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AP Human Geography Unit 4
Terms in this set (103)
the study of the organization and distribution of political phenomena, including their impact on other spatial components of society and culture
Examples of Political Geography
-Characteristics of political entities
-Problems in defining jurisdictions
-The significance of fragmentation of political power
How does Political Geography relate to Political Unrest?
-Explains physical + cultural factors that underline political unrest
How is 20th-century global conflict different than in the 21st?
20th- between states/countries
21st- indicated by individuals/groups (terrorism) (9/11, Boston Marathon)
What are states on an international level?
An independent political unit occupying a defined, permanently populated territory, having full control over its internal foreign affairs
Is a state a country?
What are some places that have been divisive for if they're a state or not?
Korea, Taiwan (China considered it part of China), the poles, Sealand
States with very small land areas (Sealand)
Examples of big and little states
Describe Ancient States
sovereign state that comprises a town + the surrounding countryside, built walls to define boundaries
What is Mesopotamia?
an ancient city-state
Describe Early European States
-Roman Empire collapses
-estates owned by competing kings, dukes, nobles
-neighboring estates unify under a king
-England, France, Spain
A territory that is legally tied to a sovereign state rather than completely independent.
effort by one country to establish settlements and to impose its political, economic and cultural principles on such territory
What are the reasons for Colonialism?
1. Promote Christianity (God)
2. Extract useful resources + to serve as captive markets for their products (Gold)
3. Establish relative power thru the # of their colonies (Glory)
Control of territory already occupied and organized by an indigenous society.
Example of Imperialism
European colonization of Africa + Asia is considered imperialism
Why did Halford Mackinder develop the Heartland theory?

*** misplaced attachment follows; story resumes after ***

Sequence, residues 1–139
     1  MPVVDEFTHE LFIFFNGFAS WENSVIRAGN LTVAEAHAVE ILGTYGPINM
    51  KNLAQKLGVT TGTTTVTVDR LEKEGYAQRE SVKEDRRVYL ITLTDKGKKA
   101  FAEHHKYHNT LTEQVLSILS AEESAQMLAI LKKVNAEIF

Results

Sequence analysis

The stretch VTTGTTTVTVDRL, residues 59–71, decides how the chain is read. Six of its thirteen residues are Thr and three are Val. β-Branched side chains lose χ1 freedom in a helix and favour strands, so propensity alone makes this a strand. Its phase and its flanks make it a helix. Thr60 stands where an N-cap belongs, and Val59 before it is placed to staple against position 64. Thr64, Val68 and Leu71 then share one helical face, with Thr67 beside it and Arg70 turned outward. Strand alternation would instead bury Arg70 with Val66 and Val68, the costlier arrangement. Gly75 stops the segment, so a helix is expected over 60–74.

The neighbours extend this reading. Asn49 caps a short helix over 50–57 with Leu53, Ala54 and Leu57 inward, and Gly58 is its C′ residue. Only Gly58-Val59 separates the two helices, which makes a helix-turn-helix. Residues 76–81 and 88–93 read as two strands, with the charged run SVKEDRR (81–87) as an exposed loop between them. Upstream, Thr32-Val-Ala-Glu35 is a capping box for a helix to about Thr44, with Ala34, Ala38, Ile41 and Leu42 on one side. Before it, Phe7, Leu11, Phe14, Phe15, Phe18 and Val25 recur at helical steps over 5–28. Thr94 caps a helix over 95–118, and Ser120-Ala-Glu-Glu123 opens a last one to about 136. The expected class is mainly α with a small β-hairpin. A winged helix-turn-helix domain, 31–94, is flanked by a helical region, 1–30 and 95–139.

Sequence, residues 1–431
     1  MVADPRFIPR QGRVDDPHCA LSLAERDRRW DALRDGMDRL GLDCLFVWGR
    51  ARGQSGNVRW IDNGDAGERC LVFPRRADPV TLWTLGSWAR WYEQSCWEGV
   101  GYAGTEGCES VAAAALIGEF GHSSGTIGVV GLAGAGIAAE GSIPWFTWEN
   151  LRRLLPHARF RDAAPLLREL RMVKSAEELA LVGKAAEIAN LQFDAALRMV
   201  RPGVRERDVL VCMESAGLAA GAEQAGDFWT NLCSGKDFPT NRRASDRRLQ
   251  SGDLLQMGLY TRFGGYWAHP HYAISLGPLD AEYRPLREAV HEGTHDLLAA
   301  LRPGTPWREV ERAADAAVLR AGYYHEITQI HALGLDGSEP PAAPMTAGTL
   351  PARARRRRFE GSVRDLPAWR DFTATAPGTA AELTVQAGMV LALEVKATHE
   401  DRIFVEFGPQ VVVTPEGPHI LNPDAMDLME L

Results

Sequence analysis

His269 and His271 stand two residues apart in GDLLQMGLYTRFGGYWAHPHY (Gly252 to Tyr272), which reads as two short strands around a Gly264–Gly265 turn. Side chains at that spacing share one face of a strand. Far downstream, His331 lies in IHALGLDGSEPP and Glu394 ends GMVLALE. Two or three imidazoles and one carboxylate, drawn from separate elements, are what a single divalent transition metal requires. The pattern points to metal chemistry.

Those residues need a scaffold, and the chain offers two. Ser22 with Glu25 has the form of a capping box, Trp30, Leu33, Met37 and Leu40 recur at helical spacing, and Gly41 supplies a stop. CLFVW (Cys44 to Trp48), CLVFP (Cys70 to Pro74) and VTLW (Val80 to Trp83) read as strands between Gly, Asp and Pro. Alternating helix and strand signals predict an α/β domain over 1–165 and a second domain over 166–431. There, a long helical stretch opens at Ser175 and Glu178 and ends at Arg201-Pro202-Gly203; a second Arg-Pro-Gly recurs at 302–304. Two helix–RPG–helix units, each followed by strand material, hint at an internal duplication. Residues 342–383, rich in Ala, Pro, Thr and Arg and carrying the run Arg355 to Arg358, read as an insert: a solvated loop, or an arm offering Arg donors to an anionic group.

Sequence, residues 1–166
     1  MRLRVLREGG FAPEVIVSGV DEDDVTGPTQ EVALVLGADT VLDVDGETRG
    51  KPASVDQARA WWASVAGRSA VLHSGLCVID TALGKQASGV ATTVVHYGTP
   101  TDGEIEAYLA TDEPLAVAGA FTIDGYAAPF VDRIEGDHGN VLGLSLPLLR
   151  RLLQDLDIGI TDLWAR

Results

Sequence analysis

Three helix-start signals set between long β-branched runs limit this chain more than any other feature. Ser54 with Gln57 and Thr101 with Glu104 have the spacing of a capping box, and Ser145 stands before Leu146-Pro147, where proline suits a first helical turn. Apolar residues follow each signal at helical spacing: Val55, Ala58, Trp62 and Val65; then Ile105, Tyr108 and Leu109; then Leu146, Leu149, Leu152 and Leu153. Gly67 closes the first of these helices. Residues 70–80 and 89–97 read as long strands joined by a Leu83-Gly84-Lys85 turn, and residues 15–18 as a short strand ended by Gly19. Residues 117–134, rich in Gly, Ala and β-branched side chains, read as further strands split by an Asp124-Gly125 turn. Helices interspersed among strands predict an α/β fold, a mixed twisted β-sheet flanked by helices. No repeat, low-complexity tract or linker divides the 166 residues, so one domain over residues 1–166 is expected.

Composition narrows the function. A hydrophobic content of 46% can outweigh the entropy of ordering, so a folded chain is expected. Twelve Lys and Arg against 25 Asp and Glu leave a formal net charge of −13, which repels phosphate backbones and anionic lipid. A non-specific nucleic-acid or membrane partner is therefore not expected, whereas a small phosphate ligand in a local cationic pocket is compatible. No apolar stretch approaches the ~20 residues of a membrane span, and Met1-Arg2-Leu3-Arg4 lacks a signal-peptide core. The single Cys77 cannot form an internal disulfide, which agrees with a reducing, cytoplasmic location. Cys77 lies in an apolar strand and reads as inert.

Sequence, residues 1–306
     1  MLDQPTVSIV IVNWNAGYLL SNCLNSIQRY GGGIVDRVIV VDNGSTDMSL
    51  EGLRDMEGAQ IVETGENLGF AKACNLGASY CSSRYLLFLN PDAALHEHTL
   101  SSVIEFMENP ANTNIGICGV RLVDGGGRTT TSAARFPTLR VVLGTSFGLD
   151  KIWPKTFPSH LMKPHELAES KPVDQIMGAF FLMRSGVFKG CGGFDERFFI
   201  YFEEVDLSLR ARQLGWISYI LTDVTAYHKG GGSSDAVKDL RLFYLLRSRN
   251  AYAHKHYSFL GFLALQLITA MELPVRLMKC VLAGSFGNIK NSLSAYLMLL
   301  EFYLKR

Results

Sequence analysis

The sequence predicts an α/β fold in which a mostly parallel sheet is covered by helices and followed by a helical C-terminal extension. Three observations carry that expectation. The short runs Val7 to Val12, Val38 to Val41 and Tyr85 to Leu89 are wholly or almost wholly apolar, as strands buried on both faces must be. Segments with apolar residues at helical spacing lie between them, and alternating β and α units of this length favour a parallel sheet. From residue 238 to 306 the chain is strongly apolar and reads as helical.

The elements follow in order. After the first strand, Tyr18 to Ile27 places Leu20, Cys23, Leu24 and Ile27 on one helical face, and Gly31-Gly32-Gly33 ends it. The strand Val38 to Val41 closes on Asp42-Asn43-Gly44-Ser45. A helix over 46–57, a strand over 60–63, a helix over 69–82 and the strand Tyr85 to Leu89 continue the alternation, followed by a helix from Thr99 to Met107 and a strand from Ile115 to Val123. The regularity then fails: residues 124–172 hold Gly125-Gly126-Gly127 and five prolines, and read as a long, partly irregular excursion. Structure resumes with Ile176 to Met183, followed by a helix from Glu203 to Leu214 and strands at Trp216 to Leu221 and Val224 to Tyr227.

to justify European colonization during the 19th century
What does the core of Eurasia equal?
heartland (lots of resources)
The belief of Halford MacKinder that the interior of Eurasia provided a likely base for world conquest.
-whoever controls Eastern Europe, Central Asia + the seas would control
the belief of Nicholas Spykman that domination of the coastal fringes of Eurasia would provide a base for world conquest
-whoever controls the Rimland controls the world
Why was heartland poised to rule the world?
Its large landmass
note to self: ADD RIMALND AND HARTLAND
Who created the Organic Theory?
States are like organisms that need food to survive. Thus, they must take over other lands to become stronger
What political parties may have originated from the Organic Theory?
Nazis and Lebensraum
Different Types of Borders
Compact, Prorupt, Elongated, Fragmented, Perforated
Advantages and Disadvantages of Compact Borders
A: Easy Defense + Communication
D: Easy to Invade
Advantages and Disadvantages of Protruded/Prorupt Borders
A: Increases access to natural resources such as water
D: Difficult to control the elongated portion
Advantages and Disadvantages of Perforated Borders
A: Another country is dependent upon you
D: Another country is taking parts of "your" land
Ex: South Africa to Lesotho
Advantages and Disadvantages of Elongated Borders
A: More access to water
D: Difficult to communicate + defend
Ex: Chile, Vietnam
Advantages and Disadvantages of Fragmented Borders
A: Access to different areas, more opportunity to discuss things, more countries to "deal with" you
D: Difficult to communicate + defend
A bounded territory that is part of a particular state but is separated from it by the territory of a different state.
Examples of Exclaves
Alaska, W. Berlin (W. Germany), Kalingrad
A piece of territory completely surrounded by another territory of which it is not a part
Examples of Enclaves
Vatican City, San Marino, Lesotho
Describe Landlocked Countries
-At the merry of neighbors
-Need communication linkages (highways, airports, rivers, etc.)
Examples of Landlocked Countries
-Ex: Switzerland or Bolivia
What do landlocked countries do to lessen isolation?
Form alliances w/ other countries
a tangible geographic area that's uninhabited by ppl. seeking to live outside of organized society
-provide area of separation
Why are frontiers becoming attractive?
becoming more attractive to states for agriculture and mining
places most power in the hands of central gov. officials
Describe Unitary Systems
-Few internal cultural differences
-Strong sense of national unity
Where are unitary systems common?
in European countries
allocates strong power to units of local government within the country
Where's federalism often found? (give examples)
-Often in Multinational states
Ex. Unites States, Russia, Canada, Brazil, India
a boundary line established before the area in question is well populated
Ex: US-Canadian 1846
a boundary line that is established after the area in question has been settled
consequent (ethnographic) boundary